5 Tips for Buying a Foreclosed Home
The foreclosed home market can be a blessing to the wise Realtor®. Foreclosed homes are selling for less than half of their appraised value in 2007 allowing agents to place clients in twice the home they might have expected to own five years ago. Savvy buyers are targeting in on this opportunity, and with the following considerations all parties can approach the repossessed home with confidence.
To familiarize new buyers with the industry terms, there are three segments of the market for consideration:
- pre-foreclosures: Occurs after default and before auction
- trustee’s sales: This opportunity varies state to state
- lender-owned properties: (Also called REO - Real Estate Owned) occurs after a failed auction
With any of the three directions taken, the following five rules should apply.
1. Don't Apologize
It's tempting while considering foreclosed homes to focus on the loss of the person who left the home behind. Don't. There are many reasons homes will foreclose and not all of the properties you consider mean someone lost their home. Buying or following up on foreclosed property leads is a part of the industry and that's not likely to change for a while. It's your opportunity now to purchase, develop and possibly live in a property that would be otherwise empty.
2. Walk-Through versus Photos
Outdated photos are just as much a part of the home foreclosure market as any other segment. Under no circumstances should an agent or potential property owner make a purchase based on photos. Walk-through are a must for several reasons. Photos can:
- Neglect to show property abuses
- Reflect misleading images of size and quality
- Be manipulated to appear move-in ready
In addition to the walk-through, a private inspection should be on the agenda. While the banks may have inspectors they trust, agents also should have an inspector he or she trusts. The assigned inspector is going to consider safety and living conditions, but profit means minimal expense and even minimal cosmetic issues can be costly. In the case of a repossessed property, it is not unheard of that the persons who left the property behind might sabotage the next seller. Real estate agents should manage their own 'kick-the-tire' test as well as an additional inspection by someone who will be clear about the needs of the property. It doesn't mean it's an unreasonable purchase, but the more that can be considered in advance of the purchase, the better decisions can be made for both the seller and the dweller.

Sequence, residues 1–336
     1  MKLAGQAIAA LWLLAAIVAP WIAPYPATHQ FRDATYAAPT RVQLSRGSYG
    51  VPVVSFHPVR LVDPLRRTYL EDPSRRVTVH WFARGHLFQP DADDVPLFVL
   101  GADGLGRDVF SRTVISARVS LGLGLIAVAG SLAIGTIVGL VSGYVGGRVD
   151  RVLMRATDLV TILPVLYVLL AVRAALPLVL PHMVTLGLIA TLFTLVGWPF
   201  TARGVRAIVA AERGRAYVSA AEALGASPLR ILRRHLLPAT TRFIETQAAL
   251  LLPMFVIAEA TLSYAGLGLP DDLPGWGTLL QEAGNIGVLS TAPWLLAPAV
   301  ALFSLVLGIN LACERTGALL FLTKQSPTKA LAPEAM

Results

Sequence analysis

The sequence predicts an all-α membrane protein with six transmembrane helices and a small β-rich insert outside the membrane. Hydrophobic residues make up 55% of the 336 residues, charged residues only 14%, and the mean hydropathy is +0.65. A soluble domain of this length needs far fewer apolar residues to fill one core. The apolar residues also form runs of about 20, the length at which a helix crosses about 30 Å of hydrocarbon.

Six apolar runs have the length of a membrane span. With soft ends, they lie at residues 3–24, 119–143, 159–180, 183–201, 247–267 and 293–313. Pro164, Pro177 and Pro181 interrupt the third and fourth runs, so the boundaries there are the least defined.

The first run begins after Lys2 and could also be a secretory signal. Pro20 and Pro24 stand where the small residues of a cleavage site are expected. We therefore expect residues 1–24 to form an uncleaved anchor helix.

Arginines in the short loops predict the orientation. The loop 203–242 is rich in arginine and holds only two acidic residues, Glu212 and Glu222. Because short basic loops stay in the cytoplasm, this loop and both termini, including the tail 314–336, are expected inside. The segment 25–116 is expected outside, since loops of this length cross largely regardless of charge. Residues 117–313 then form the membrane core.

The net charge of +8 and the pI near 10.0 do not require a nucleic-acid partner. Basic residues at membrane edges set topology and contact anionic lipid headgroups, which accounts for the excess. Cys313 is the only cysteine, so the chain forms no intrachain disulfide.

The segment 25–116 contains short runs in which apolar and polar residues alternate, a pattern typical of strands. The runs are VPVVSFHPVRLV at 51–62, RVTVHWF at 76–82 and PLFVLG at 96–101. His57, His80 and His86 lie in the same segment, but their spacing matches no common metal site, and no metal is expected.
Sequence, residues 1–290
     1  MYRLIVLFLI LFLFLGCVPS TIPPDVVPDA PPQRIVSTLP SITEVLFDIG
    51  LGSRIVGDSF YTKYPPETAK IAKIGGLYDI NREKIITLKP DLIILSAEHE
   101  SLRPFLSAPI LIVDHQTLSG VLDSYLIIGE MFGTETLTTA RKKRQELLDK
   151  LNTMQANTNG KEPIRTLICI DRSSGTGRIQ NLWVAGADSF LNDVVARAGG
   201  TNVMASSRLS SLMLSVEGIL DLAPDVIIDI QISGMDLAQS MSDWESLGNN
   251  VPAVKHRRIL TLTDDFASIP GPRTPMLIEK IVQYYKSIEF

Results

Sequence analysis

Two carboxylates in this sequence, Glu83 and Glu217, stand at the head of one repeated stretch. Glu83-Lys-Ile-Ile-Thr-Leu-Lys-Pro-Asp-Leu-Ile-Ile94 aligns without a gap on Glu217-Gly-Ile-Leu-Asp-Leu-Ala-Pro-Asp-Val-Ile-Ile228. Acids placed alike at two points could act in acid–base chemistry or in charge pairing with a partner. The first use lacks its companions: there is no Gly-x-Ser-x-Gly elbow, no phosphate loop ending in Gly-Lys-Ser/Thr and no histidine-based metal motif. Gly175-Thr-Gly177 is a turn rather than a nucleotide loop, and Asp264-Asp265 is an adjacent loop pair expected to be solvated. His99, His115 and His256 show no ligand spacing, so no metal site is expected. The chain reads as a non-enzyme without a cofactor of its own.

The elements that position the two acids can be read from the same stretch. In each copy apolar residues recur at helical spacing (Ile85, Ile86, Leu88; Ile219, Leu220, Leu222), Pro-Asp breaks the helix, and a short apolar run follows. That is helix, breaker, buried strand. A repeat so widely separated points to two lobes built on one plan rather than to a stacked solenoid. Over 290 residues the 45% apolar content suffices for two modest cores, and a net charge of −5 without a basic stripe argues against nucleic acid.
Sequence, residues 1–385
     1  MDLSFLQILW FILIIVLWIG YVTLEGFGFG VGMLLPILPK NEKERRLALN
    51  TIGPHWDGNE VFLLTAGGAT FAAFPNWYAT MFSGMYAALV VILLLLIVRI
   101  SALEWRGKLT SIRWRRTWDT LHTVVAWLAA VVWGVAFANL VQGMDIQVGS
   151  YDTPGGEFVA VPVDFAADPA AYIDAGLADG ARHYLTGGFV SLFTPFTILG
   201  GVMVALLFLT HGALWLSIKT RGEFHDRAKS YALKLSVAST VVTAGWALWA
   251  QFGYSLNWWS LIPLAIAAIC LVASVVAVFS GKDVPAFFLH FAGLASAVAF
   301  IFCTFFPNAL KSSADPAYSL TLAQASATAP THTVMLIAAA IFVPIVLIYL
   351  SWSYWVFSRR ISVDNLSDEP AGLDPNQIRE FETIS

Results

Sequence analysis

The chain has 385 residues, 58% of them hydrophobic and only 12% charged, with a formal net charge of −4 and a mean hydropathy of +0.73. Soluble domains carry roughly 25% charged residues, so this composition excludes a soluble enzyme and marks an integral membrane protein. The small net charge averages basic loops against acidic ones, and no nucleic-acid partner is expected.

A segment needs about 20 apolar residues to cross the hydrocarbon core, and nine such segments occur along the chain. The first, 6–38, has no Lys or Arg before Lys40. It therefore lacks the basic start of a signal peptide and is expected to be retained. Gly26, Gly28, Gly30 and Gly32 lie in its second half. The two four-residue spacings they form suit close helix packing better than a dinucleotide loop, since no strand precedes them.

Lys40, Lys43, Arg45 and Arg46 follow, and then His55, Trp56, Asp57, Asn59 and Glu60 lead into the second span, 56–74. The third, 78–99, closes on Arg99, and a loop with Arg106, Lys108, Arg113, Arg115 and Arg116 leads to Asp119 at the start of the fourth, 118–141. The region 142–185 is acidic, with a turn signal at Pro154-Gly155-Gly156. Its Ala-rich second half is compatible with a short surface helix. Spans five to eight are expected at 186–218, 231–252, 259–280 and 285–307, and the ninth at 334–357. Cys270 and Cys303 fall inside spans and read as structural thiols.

4. Financing and 203K
Financing may or may not include the possibility of FHA 203k funds. 203k Streamline mortgages allow up to $35,000 additional funds to renovate the property. Similar to an equity line these loans are held in managed accounts pending each renovation completed by licensed contractors. This additional option only increased the necessity of a thorough inspection. Issues found in the home specifically with regard to living conditions can be fixed quickly and without drawn out personal loan efforts. If an agent or buyer finds an FHA home that needs some work but would otherwise be the perfect property, look into the potential of a 203K addition.
Finally, it may go without saying, but financiers are facing their busiest times and often do not have the staff to keep up with spiky and unpredictable volumes. Not only should agents be patient when dealing with foreclosed homes, it is important to set the proper expectations with the potential buyers. Between short sales, repossessions, the dramatically reduced new building or simple refinancing, lenders have their hands full.
Bonus #6: HomePath and HomePath Renovation
One final option for buying a Fannie Mae-owned property is HomePath Financing and HomePath renovation if it needs fixing up. With low down payment requirements and low-priced homes, it's good to know about this option.
If you're looking into buying a foreclosed home for your next (or first) house, start with one of our eBooks about FHA 203k, HomePath or HomePath Renovation. Click the button below to see our full library of guides.
(creative commons photo credit)